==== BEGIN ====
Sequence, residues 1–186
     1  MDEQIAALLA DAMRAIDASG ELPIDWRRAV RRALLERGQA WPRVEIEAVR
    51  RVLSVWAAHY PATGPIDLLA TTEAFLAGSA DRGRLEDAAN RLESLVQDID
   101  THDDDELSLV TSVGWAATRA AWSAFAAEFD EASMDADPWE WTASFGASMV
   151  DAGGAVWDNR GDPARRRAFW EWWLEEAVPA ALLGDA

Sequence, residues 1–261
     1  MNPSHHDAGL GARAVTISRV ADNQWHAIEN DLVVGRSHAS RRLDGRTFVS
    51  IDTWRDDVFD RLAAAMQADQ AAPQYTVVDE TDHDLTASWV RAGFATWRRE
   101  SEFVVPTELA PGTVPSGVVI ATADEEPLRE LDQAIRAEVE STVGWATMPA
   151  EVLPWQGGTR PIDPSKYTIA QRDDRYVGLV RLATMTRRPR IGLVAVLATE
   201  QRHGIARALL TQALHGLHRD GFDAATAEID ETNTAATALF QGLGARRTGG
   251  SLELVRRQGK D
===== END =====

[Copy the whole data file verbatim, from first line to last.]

Sequence, residues 1–186
     1  MDEQIAALLA DAMRAIDASG ELPIDWRRAV RRALLERGQA WPRVEIEAVR
    51  RVLSVWAAHY PATGPIDLLA TTEAFLAGSA DRGRLEDAAN RLESLVQDID
   101  THDDDELSLV TSVGWAATRA AWSAFAAEFD EASMDADPWE WTASFGASMV
   151  DAGGAVWDNR GDPARRRAFW EWWLEEAVPA ALLGDA

Sequence, residues 1–261
     1  MNPSHHDAGL GARAVTISRV ADNQWHAIEN DLVVGRSHAS RRLDGRTFVS
    51  IDTWRDDVFD RLAAAMQADQ AAPQYTVVDE TDHDLTASWV RAGFATWRRE
   101  SEFVVPTELA PGTVPSGVVI ATADEEPLRE LDQAIRAEVE STVGWATMPA
   151  EVLPWQGGTR PIDPSKYTIA QRDDRYVGLV RLATMTRRPR IGLVAVLATE
   201  QRHGIARALL TQALHGLHRD GFDAATAEID ETNTAATALF QGLGARRTGG
   251  SLELVRRQGK D